By the editor of Vatican News
A recent survey by the Jesuit Refugee Service (JRS) Australia and the Translational Health Research Institute (THRI) at the University of Western Sydney has drawn attention to the plight of asylum seekers amid the Covid pandemic. 19.
Many of them face “considerable financial hardship and high levels of homelessness in the first twelve months of the pandemic,” a JRS statement said.
Of the hundred or so people questioned asking for asylum and living mainly in the west and south-west of Sydney â, 55% of those questioned had experienced some form of homelessness since arriving in Australia, 9% of those questioned had slept on the street, in a car or in other makeshift accommodation. , and 14% had stayed in emergency accommodation.
Asylum seekers are hit hard
In 2020, the Australian government declared a moratorium on evictions, however, 29% of those polled said they had been evicted or moved from their accommodation due to their inability to pay their rent. Much of this is because many asylum seekers are in cash-paying jobs and therefore find it different for them to demonstrate the loss of employment to landlords.
Dr Elizabeth Conroy, senior researcher at the University of Western Sydney and co-author, said these findings “underscore how much more frequent homelessness experiences are for asylum seekers compared to the general population. And provide “potential new perspectives on homelessness and deprivation” which deserves further consideration in public policies.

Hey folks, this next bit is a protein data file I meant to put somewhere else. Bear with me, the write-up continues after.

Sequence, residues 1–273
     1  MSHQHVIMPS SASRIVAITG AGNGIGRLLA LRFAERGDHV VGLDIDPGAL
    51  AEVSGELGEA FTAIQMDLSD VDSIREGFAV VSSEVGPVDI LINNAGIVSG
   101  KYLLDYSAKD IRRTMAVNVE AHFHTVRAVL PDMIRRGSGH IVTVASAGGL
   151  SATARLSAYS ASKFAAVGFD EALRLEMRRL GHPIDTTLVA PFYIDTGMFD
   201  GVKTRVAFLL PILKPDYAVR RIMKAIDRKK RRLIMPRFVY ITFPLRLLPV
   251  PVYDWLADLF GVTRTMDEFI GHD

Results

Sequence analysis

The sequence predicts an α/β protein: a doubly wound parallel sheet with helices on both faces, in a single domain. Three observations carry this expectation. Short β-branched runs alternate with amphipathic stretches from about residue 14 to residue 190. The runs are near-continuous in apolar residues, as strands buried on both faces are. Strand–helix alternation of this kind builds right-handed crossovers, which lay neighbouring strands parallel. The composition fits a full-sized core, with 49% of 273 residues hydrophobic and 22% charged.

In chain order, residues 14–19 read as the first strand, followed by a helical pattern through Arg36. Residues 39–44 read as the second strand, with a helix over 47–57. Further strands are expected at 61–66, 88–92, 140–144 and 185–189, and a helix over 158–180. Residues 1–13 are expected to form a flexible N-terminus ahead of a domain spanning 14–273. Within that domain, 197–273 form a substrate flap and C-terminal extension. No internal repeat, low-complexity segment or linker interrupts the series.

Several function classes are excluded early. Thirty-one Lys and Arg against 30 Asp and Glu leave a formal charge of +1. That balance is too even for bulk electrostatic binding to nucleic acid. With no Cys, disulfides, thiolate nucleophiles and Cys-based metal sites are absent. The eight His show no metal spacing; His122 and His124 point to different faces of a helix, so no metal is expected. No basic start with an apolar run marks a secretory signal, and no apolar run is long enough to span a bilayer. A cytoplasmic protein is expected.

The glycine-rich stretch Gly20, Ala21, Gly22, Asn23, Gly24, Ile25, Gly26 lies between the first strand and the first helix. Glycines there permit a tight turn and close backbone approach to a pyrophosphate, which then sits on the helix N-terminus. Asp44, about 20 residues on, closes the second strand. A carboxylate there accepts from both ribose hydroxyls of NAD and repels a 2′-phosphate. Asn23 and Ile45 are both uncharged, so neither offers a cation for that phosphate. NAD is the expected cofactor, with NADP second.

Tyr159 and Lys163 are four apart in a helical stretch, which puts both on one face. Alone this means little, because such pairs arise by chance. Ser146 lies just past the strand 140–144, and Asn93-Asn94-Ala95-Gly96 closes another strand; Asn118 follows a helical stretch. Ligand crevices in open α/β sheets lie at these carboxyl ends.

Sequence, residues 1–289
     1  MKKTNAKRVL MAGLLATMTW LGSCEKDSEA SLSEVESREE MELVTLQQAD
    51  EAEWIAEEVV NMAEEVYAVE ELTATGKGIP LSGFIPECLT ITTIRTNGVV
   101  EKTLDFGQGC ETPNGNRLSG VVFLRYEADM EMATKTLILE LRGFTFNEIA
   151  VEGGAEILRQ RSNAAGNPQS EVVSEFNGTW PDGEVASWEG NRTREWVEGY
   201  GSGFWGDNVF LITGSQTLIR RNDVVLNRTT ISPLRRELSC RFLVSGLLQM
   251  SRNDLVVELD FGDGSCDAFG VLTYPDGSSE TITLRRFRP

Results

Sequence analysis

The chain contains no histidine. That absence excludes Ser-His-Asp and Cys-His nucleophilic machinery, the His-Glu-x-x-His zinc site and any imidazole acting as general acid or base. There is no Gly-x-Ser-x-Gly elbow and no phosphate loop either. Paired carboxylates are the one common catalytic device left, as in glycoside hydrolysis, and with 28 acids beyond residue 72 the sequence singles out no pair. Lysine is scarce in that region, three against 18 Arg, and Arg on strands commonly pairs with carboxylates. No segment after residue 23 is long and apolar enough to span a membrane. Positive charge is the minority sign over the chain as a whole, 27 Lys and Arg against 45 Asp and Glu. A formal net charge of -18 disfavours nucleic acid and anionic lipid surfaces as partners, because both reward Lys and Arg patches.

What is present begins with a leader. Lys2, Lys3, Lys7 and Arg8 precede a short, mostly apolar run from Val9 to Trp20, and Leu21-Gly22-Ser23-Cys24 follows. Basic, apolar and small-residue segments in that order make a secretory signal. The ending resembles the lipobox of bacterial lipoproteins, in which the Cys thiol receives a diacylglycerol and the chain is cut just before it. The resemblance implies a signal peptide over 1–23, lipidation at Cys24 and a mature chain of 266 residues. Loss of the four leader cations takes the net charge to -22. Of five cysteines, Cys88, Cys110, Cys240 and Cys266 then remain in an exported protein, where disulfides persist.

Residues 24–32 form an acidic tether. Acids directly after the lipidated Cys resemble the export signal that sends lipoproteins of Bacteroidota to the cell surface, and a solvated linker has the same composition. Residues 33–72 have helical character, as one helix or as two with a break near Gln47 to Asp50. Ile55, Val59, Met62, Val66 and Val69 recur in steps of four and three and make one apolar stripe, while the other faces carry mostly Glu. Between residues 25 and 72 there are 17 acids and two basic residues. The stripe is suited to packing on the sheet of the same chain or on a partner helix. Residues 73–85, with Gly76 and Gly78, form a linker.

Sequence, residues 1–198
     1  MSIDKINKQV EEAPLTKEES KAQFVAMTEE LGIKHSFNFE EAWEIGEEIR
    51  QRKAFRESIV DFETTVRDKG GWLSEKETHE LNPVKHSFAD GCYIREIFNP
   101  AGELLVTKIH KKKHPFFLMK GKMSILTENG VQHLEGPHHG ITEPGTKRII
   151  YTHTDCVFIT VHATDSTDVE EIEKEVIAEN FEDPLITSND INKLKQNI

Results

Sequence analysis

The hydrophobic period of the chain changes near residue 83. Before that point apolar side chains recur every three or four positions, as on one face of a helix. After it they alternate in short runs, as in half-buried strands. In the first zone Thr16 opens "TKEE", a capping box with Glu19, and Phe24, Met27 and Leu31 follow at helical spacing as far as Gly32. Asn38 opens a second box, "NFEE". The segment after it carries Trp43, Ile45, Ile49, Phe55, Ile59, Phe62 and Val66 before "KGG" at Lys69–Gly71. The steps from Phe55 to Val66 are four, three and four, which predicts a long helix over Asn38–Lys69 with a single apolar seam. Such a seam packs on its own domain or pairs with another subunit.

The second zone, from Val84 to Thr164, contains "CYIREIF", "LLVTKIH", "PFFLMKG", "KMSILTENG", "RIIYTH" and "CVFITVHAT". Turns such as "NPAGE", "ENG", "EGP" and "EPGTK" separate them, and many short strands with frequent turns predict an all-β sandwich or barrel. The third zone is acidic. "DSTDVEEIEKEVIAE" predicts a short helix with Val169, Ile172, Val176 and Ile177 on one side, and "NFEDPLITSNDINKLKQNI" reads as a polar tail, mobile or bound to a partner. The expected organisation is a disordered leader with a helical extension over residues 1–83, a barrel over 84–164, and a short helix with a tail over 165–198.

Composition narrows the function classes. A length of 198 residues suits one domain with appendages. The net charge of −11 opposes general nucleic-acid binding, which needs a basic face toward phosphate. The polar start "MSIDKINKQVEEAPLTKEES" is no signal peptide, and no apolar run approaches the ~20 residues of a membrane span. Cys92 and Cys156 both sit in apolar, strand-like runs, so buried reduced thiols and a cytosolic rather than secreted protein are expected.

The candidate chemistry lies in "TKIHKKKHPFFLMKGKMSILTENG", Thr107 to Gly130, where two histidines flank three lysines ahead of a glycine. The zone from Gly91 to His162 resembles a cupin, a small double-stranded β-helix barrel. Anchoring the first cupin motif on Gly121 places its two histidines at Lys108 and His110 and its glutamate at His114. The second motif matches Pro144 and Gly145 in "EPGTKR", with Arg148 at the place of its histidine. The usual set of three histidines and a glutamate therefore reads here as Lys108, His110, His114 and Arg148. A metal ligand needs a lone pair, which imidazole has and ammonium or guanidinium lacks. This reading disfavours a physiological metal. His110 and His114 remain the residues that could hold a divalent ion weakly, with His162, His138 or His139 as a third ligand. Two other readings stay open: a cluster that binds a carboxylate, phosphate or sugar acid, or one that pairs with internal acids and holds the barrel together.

The survey data also provides insight into the impact of the Covid-19 pandemic on the financial situation and housing stability of asylum seekers: 36% of them said they had difficulty paying their rent and 34% to pay their electricity and gas bills every 12 months. Even more, 45% said they had run out of food in the past three months.
Need ongoing income support
Nishadh Rego, Policy and Advocacy Officer at JRS Australia, said: âThese results show that a significant number of asylum seekers in West Sydney were living in situations of poverty and homelessness even before the start. of this last confinement. Our experience shows that the difficulties of putting food on the table, paying rent and buying medicine have intensified over the past month. “
‘Lockdown or not,’ he continued, ‘there is an urgent need for the federal government to provide all those seeking security in Australia with access to continued income support if they fail to find secure employment. and sustainable “.